The upland forests consist of deciduous species, many of which are near their northern climatic limit. Most pre-European settlement trees have been cleared for agriculture, industry, or urbanization. Remaining forest stands, such as oak savannas as well as lakeplain prairies, are found along the southern reaches of the river, particularly on the islands of the St. Clair River Delta and on the Michigan shore in Algonac State Park.

Transitional species are abundant in the low-lying regions, categorized as shrub ecotones, wet meadows, sedge marshes, and island shorelines and beaches. This habitat is home to water and land mammals, including humans, as well as songbirds, waterfowl, insects, pollinators, reptiles, and amphibians.

Water habitatEdit

The aquatic habitat of the St. Clair River ranges from deep and fast near the Blue Water Bridge to shallow and slow in the lower river near its discharge point into Lake St. Clair.

Each area provides a unique habitat for aquatic life:

Area of concernEdit

Canadian freighter Algorail downbound in the St. Clair River

The St. Clair River is listed as an Area of Concern (AOC) because of pollutants such as bacteria, heavy metals, and toxic organics, which had come from municipal and industrial discharges, urban and rural runoff, combined sewer overflows (CSOs), and contaminated sediments.

The St. Clair River AOC includes the entire river, from the Blue Water Bridge at the north end, to the southern tip of Seaway Island, west to St. Johns Marsh and east to include the north shore of Mitchells Bay on Lake St. Clair. Anchor Bay is not included.

Through the Great Lakes Agreement, a Remedial Action Plan (RAP) was created to initiate cleanup measures. Its background report noted the adverse effects of pollution in the river and lakes:

  • Restrictions on fish consumption
  • Bird and animal deformities
  • Degradation of benthos
  • Restrictions on dredging activities
  • Restrictions on drinking water consumption
  • Beach closings
  • Degradation of aesthetics
  • Added cost to agriculture and industry
  • Loss of fish and wildlife habitat

The RAP for the St. Clair River AOC was initiated in 1985. A bi-national group, called the RAP Team, was established in 1987 to develop the plan and ensure adequate and appropriate public involvement. The RAP Team included representatives from federal, state, and provincial governments of both Canada and the United States.

  • A large blob of perchloroethylene was found at the bottom of the St Clair River due to runoff from Dow Chemical Corp in 1985. It remains there, slowly mixing with the water.[5]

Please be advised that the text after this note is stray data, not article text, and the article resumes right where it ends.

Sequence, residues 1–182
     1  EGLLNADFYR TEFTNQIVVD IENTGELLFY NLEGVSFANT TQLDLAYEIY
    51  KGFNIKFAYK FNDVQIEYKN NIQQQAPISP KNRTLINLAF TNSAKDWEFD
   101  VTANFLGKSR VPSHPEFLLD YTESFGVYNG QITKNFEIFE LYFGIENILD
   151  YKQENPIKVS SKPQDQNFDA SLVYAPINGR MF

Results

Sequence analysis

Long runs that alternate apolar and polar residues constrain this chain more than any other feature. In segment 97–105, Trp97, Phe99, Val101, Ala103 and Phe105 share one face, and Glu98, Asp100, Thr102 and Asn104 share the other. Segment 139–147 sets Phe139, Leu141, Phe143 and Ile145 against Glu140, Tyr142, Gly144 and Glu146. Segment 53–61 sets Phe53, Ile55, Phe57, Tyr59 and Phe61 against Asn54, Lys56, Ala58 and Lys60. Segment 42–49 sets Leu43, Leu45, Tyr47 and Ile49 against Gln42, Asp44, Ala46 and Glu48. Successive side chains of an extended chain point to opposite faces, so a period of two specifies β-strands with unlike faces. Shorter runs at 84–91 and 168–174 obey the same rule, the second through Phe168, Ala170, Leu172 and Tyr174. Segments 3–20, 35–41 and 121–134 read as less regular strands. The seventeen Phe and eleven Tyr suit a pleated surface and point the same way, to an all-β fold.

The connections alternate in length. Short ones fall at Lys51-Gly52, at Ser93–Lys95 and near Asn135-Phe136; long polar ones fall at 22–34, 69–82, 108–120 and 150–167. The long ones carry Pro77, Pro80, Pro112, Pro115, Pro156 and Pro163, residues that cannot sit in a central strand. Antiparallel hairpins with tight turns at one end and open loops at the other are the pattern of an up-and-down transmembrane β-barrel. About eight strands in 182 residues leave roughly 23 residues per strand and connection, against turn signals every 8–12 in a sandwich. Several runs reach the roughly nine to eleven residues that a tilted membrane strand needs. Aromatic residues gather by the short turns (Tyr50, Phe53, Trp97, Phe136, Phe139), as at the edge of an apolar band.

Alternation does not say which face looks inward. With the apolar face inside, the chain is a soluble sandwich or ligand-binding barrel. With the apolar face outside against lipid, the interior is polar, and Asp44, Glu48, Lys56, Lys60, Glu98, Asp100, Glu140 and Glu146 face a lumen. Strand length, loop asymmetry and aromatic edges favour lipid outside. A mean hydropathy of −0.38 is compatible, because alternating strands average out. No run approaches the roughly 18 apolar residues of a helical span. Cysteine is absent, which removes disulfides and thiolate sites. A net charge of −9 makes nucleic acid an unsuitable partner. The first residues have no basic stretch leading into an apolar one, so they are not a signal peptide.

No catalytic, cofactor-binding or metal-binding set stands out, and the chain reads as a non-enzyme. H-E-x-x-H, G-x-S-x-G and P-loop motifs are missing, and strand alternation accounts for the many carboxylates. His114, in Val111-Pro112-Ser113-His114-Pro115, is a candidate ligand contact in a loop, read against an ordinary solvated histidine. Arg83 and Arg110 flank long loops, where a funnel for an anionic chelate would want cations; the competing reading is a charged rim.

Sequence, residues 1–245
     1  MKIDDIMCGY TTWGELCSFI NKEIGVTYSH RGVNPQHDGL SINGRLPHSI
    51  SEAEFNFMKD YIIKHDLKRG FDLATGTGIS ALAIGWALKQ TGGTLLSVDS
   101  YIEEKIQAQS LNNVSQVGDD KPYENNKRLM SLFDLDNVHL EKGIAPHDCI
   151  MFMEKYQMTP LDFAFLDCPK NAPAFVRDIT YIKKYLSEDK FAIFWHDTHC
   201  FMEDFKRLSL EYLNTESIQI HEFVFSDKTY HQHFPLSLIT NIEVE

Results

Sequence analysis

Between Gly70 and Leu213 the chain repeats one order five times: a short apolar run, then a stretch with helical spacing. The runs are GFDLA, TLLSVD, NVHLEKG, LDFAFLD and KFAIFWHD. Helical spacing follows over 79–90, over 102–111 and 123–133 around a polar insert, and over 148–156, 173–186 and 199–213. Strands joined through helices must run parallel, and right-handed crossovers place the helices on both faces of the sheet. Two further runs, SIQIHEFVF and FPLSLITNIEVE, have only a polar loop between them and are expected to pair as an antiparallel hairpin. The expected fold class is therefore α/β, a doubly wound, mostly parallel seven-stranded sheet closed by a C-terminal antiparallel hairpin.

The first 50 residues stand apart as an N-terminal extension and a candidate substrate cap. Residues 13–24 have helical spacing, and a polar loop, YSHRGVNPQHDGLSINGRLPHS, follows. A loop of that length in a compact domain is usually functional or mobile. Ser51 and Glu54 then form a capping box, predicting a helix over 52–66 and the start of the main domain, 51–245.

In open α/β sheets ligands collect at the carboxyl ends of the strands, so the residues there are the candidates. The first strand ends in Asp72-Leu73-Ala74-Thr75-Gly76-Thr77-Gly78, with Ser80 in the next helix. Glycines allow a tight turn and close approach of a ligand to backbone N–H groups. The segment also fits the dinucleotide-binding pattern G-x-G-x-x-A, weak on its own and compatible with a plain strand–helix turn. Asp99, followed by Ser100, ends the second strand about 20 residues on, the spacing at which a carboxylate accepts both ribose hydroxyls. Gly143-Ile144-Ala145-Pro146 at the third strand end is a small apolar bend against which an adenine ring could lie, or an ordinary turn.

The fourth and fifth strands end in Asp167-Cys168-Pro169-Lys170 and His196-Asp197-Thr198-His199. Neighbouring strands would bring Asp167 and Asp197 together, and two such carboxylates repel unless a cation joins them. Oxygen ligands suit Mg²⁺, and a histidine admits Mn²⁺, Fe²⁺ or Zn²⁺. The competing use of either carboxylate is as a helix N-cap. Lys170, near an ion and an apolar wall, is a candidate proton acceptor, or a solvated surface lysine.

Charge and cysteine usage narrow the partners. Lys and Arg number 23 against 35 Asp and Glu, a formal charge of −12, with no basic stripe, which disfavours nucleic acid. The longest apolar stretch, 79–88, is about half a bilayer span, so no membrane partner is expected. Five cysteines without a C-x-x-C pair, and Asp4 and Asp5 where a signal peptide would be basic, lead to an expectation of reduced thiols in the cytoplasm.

Erosion and Great Lakes drainageEdit

Federal officials have long acknowledged that dredging and riverbed mining in the St. Clair dropped the long-term average of Great Lakes Huron and Michigan by about 16 inches. A bi-national Great Lakes water-level study concluded in 2013 that unexpected erosion since the last major St. Clair dredging project in the early 1960s has dropped the lakes' long-term average by an additional 3 to 5 inches. Today, these lakes are nearly 2 feet lower than before human modifications to the riverbed of the St. Clair River. This record low has raised concerns about the long-term health of the lakes. Activists urge remediation to slow the flow of waters through the St. Clair River and out of the lake system, to restore former water levels.[6]


This is a list of bridges and other crossings of the St. Clair River from Lake St. Clair upstream to Lake Huron.

Crossing Carries Location Coordinates
Walpole Island Bridge County Road 32 Chatham-Kent Municipality and Walpole Island, Ontario (Crosses the Chenal Ecarte of the St. Clair) 42°35′34.4″N 82°28′27.7″W / 42.592889°N 82.474361°W / 42.592889; -82.474361
Harsens Island Ferry Cars and passengers Algonac, Michigan and Harsens Island, Michigan (crosses the North Channel of the St. Clair) 42°36′57.4″N 82°33′38.9″W / 42.615944°N 82.560806°W / 42.615944; -82.560806
Russell Island Ferry Passengers only Algonac, Michigan and Russell Island, Michigan 42°37′07.2″N 82°31′47.9″W / 42.618667°N 82.529972°W / 42.618667; -82.529972
Walpole-Algonac Ferry Cars and passengers Algonac, Michigan and Walpole Island, Ontario 42°37′01.6″N 82°31′17.6″W / 42.617111°N 82.521556°W / 42.617111; -82.521556
Sombra-Marine City (Bluewater) Ferry Cars and passengers Marine City, Michigan and Sombra, Ontario 42°42′46.4″N 82°29′13.3″W / 42.712889°N 82.487028°W / 42.712889; -82.487028
St. Clair Tunnel Canadian National Railway Port Huron, Michigan and Sarnia, Ontario 42°57′34.2″N 82°25′19.0″W / 42.959500°N 82.421944°W / 42.959500; -82.421944
Blue Water Bridge    I-94 / I-69
  Highway 402
42°59′55.1″N 82°25′23.9″W / 42.998639°N 82.423306°W / 42.998639; -82.423306

See alsoEdit


  1. ^ a b U.S. Geological Survey. National Hydrography Dataset high-resolution flowline data. The National Map, accessed November 7, 2011
  2. ^ Eckel, Patricia M. (May 4, 2005). "Some Thoughts on Isostatic Rebound as a Hypothetical Factor in Lake and Strait Characteristics in the Great Lakes". Niagara Issues. Missouri Botanical Garden. Retrieved April 9, 2015.
  3. ^ "Great Lakes Factsheet No. 1". United States EPA. Retrieved 30 May 2013.
  4. ^ "About nin.da.waab.jig", Walpole Island Heritage Centre, accessed 8 August 2014
  5. ^
  6. ^ Dan Egan, "Lakes Michigan, Huron hit record low water level", Milwaukee Journal-Sentinel Online, 3 February 2013

External linksEdit